Do you ever get annoyed about something that a person does or says often? More than likely, the answer is yes. We are all human, after all.
As we spend long periods at home, for example, some of our loved ones’ behaviors might become annoying. Maybe you wish they would give you more space or privacy, for example. Or maybe they make too much noise, use your belongings or rarely do their share of cleaning.
Listen to a short exchange between friends:
How are things going at home?
Mostly fine. But my brother is getting on my nerves. He is constantly leaving dirty clothes in the bathroom. And he’s always hogging the computer.
The speaker used present continuous verbs to show that these things happen often – and that she finds them annoying.
On today’s Everyday Grammar, we will explore a few forms English speakers use to talk about the present and the past.
Let’s first discuss the present and stay with the present continuous.
Sometimes, English speakers use the present continuous verb form to express annoyance or complain about a repeated action or habit. Alone, this verb form does not express negative emotion. It must be used with adverbs that mean “all the time,” such as "always" “constantly" or “continually.”
Let’s listen to part of the earlier exchange again. This time, listen for the verbs and notice where the speaker puts the adverbs. As a reminder, the present continuous verb tense is formed with is/are plus a verb ending in -ing:
He is constantly leaving dirty clothes in the bathroom. And he’s always hogging the computer.
Did you find the verbs? They are “is leaving” and “is hogging.” And, the speaker put the adverbs in between the verbs, such as in the phrase “is constantly leaving.”
Wish + would
Another way we casually complain about present behavior is with the form wish + would. Listen to a speaker talk about a current problem:
I wish you would take your health seriously. You have not visited the doctor in over a year.
For some English speakers, the wish + would sentence structure may be a little difficult because it contains a noun clause. You can learn more about “wish” clauses in earlier Everyday Grammar programs. [LINK]
Note that we can use the form wish + would in positive sentences with “would” or negative sentences with “wouldn’t” to express the same basic meaning. Here’s an example:
I wish you wouldn’t ignore your health. You have not visited the doctor in over a year.
Now let’s talk about ways English speakers express annoyance about past behavior.
We can use a continuous tense — this time the past continuous — to say that something aggravating happened often in the past.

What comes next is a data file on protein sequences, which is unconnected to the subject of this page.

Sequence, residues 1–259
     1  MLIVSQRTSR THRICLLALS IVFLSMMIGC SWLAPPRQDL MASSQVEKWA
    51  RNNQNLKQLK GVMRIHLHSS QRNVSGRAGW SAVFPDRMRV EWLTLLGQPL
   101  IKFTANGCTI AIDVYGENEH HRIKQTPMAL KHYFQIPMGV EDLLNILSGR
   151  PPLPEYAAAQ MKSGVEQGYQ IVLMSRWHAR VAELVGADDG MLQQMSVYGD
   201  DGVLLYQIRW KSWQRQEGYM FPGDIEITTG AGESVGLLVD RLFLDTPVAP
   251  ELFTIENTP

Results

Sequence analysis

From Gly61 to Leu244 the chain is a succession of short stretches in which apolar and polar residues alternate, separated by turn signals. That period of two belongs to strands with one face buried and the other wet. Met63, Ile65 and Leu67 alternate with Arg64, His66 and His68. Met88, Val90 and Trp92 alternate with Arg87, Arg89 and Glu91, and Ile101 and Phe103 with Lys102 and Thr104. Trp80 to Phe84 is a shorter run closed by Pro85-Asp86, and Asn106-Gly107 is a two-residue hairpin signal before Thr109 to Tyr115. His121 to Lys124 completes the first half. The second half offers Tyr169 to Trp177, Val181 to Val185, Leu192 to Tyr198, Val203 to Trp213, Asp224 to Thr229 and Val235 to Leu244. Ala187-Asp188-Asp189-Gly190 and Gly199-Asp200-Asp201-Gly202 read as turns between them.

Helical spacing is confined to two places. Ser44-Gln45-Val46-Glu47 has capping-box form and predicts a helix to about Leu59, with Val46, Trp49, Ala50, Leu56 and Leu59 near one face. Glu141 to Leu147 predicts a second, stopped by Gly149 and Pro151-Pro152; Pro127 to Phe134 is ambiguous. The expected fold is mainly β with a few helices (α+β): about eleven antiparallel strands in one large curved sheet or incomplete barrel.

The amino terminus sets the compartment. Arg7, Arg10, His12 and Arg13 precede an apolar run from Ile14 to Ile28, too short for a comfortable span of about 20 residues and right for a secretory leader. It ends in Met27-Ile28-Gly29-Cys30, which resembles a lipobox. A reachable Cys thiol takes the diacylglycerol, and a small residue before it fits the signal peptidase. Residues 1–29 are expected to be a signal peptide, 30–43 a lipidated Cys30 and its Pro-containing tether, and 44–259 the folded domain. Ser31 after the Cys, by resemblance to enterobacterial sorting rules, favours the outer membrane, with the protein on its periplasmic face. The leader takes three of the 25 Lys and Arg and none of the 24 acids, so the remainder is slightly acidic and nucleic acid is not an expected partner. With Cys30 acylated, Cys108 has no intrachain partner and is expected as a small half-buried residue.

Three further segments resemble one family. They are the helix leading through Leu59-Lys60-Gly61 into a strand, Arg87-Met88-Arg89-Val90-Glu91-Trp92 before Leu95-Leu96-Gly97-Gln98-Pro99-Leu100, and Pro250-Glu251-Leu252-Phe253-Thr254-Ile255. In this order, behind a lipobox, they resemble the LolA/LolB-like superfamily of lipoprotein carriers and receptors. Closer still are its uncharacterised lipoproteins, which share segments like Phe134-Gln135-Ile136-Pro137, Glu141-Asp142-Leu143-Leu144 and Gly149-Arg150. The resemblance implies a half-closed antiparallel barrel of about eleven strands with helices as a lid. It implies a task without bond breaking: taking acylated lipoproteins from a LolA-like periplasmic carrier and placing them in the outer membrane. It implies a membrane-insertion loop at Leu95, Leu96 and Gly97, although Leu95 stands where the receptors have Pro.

Suppose the girl who lives with her brother moved to some other place. So, she was able to talk about her annoyance as a past problem.
Listen for the verbs in the next example. As a reminder, the past continuous verb tense is formed with was/were + a verb ending in -ing:
He was constantly leaving dirty clothes in the bathroom. And he was always hogging the computer.
Did you find the verbs? They are “was leaving” and “was hogging.” Again, with this verb tense, adverbs like “always” and “constantly” are needed to express a negative emotion about repeated behavior.
Kept + gerund
Finally we move to the past form kept + gerund. As a reminder, a gerund is a noun ending in -ing.
You may remember an earlier Everyday Grammar program that talked about keep + gerund, which has a few uses, such as to express that something that happens again and again [link]. For today’s program, let’s focus on kept + gerund for expressing annoyance at a repeated past action.
Listen to an example and pay attention for the form kept + gerund:
Our dog kept chewing on everything. He was becoming a real nuisance until we brought in a behavioral specialist.
Did you find the form kept + gerund? The gerund here is “chewing.”
Kept + gerund has a similar meaning to the past continuous when expressing annoyance or aggravation about a past problem. And, we sometimes explain how we solved whatever problem we were facing.
Well, that’s our program for today. Join us again soon for another lesson on grammar for everyday speaking and writing.
I’m Alice Bryant.
Alice Bryant wrote this story for Learning English. Ashley Thompson was the editor.
Words in This Story
annoying - adj. causing someone to feel slightly angry
get on (one's) nerves - expression.
constantly - adv. happening all the time or very often over a period of time
hog - v. to take, keep or use something in a way that prevents other people from having or using it
negative - adj. expressing dislike or disapproval
phrase - n. a small group words that express a single idea but do not usually form a complete sentence
clause - n. a part of a sentence that has its own subject and verb
aggravating - adj. causing annoyance or exasperation
habit - n. something that a person does often in a regular and repeated way
focus - v. to direct your attention or effort at something specific
nuisance - n. a person, thing or situation that is annoying or that causes trouble or problems